Events similar to the Red Scare can be found in both historical and modern times. According to Chigas and Mosyakov (2020), the Cambodian genocide is one past phenomenon between 1975 and 1979 in Democratic Kampuchea, currently known as Cambodia. The nation’s leader was referred to as Khmer Rouge, who targeted elite individuals and Buddhist monks. Almost 1.7 million educated people died because of starvation, hard labor, and execution since Rouge assumed that they did not support his revolution against the United States regime through a ruler called Lon Nol (Chigas & Mosyakov, 2020). It shows how similar historical events are concerning the Red Scare.
In the modern world, an instance of the Red Scare may be compared to the Chinese Islamic Revolutionaries and Falun Gong followers. According to Swanson (2019), the committee was formed in the 1970s against the Soviet Union and has been revived by Stephen K. Bannon, the president’s key advisor, to warn citizens regarding China’s threats. With skepticism of China increasing throughout the nation, from the White House to central government departments, suspicion and distrust have emerged (Swanson, 2019). Moreover, Beijing’s rise is undoubtedly seen as a national and economic security threat, and the critical challenge of the current era is thus a modern form of the Red Scare.
As noted by the Legislative Committee, people who have invoked the Fifth Amendment did not manage to testify or be proved to have violated the law have had some repercussions. According to McCarthyism and the Red Scare, (n.d.), the Cold War and anti-communist paranoia cleared the way for the Senator to launch investigations in 1953. Due to this, massive inquiries were undertaken by Congress into the radical activities of many Americans indicted for being communists or sympathizers of the movement. The result of these proceedings was to destroy many people’s lives and spread political prejudice against those accused of having conflicting ideological beliefs or supporting suspicious organizations. Thus, many people lost their jobs even without proven evidence of being communists.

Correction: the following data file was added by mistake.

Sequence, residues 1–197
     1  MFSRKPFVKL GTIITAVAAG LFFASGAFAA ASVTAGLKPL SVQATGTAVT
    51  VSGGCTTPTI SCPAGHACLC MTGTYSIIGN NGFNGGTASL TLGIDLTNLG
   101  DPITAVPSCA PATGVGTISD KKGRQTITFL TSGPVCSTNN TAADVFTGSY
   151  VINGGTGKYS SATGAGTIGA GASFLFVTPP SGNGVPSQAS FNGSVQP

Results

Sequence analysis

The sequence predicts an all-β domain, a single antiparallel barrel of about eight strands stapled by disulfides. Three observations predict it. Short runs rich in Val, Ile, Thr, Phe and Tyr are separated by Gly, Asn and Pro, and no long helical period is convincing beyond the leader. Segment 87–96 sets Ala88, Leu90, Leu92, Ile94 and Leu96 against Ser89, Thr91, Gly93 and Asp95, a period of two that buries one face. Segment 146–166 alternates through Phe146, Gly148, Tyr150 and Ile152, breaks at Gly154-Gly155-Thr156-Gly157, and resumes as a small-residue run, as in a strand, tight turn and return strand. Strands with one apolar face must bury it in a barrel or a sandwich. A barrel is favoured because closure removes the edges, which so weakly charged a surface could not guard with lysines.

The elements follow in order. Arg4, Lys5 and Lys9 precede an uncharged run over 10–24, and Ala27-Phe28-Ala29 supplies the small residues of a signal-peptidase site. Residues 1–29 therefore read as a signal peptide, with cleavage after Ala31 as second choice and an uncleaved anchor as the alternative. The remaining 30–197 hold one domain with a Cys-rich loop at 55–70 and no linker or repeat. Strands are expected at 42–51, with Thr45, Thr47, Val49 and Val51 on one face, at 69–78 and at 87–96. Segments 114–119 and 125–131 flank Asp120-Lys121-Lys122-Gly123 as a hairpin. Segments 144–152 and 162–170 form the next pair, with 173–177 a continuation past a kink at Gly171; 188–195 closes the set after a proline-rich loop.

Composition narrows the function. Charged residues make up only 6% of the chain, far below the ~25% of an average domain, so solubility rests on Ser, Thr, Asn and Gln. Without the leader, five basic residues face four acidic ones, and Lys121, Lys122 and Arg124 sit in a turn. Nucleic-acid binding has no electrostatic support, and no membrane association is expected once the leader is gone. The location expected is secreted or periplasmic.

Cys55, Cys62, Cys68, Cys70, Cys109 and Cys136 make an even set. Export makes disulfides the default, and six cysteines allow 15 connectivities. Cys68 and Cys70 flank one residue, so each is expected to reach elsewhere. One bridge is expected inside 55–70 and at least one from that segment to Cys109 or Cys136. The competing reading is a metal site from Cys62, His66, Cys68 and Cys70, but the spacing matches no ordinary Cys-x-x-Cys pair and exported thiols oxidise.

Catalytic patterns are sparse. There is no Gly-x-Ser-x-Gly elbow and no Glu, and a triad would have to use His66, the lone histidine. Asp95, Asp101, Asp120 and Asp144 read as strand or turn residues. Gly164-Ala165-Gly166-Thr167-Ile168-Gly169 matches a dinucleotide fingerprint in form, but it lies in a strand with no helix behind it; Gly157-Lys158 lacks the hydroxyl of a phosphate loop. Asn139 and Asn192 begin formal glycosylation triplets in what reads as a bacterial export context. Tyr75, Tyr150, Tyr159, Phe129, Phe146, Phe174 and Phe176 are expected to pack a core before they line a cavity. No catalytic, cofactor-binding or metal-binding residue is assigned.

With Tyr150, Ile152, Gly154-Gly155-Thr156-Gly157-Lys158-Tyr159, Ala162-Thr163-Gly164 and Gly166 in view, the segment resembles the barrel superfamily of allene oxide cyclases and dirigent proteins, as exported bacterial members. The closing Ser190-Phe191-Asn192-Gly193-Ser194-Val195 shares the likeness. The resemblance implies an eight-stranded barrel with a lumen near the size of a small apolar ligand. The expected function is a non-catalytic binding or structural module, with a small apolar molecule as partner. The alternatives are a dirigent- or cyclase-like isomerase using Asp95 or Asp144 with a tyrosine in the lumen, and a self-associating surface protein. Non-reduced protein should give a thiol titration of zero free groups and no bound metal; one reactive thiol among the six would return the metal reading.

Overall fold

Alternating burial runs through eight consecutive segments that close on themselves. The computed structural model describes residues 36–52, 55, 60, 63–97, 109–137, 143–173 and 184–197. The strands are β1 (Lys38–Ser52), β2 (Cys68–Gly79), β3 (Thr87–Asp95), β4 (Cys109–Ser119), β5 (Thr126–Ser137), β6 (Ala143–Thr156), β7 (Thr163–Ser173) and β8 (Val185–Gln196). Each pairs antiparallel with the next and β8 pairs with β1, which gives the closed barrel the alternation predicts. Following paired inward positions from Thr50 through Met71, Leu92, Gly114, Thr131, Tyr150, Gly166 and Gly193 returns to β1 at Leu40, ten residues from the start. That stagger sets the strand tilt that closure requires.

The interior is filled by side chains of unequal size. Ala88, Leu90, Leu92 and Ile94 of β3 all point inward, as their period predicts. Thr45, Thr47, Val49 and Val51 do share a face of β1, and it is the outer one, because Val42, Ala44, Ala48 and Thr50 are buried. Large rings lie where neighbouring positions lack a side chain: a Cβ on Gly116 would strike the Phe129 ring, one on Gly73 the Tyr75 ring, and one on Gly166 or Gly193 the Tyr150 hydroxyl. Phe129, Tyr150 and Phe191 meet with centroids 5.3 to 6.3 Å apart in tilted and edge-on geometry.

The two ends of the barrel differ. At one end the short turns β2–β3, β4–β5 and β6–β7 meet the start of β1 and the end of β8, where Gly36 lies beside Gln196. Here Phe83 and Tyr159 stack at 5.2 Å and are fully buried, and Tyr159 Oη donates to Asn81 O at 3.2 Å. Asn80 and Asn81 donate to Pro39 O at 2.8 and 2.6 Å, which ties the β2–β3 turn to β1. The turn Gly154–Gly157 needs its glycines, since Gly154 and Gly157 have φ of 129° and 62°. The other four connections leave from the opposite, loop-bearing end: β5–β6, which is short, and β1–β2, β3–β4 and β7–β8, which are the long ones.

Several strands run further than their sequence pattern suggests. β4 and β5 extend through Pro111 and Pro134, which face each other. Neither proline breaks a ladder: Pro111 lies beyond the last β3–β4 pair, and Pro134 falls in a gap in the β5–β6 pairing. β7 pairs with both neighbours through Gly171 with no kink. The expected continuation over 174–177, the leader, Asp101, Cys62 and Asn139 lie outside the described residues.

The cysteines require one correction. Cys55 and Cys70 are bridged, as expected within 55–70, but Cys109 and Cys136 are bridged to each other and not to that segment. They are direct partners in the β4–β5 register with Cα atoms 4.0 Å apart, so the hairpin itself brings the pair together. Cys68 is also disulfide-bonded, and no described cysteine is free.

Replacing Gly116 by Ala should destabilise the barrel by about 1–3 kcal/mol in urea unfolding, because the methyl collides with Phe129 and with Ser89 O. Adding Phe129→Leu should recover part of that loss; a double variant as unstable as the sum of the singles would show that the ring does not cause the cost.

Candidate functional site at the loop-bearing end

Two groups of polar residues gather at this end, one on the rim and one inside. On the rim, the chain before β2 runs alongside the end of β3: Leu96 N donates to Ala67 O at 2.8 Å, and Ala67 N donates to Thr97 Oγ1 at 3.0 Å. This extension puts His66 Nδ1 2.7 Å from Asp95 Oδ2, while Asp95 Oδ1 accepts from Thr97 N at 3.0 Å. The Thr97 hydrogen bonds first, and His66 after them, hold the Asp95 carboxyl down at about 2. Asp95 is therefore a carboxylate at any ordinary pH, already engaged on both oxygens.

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In conclusion, Senator McCarthy’s speech was of significant impact on America through his allegations of communist support among citizens and leadership of the country, leading to the Red Scare. His definition of this movement was not accurate, as morality seemed to be his understanding of the subject. He led a series of investigations that resulted in the loss of jobs by many citizens, and worse, no individual was charged with a link to communism, hence failure on his part. The Cambodian genocide event which happened between 1975 and 1979 and the Falun gong followers in the United States can also compare to the historic Red Scare. The actions of Senator McCarthy were therefore retrogressive as they impacted many people in and outside the United States. Many people lost their jobs making it impossible to cater to their families. It is therefore important for leaders to always examine their actions by trying to determine what their actions would mean to the nation and the citizens.
Chigas, G., & Mosyakov, D. (2020). Literacy and Education under the Khmer Rouge | Genocide Studies Program. Yale University.
McCarthy, J. (1950). “Enemies from Within” speech delivered in Wheeling, West Virginia.Web.
McCarthyism and the Red Scare (2019). Miller Center.
Swanson, A. (2019). A New Red Scare Is Reshaping Washington (Published 2019). Nytimes.com. Web.